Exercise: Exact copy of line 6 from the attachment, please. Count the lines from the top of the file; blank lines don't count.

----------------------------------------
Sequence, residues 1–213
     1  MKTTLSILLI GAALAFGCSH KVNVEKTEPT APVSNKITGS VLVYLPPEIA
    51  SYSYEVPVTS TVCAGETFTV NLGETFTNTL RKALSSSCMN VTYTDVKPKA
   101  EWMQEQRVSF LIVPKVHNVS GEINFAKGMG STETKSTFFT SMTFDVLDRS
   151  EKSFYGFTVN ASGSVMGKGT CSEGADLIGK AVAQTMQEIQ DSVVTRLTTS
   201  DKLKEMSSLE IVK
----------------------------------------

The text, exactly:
   201  DKLKEMSSLE IVK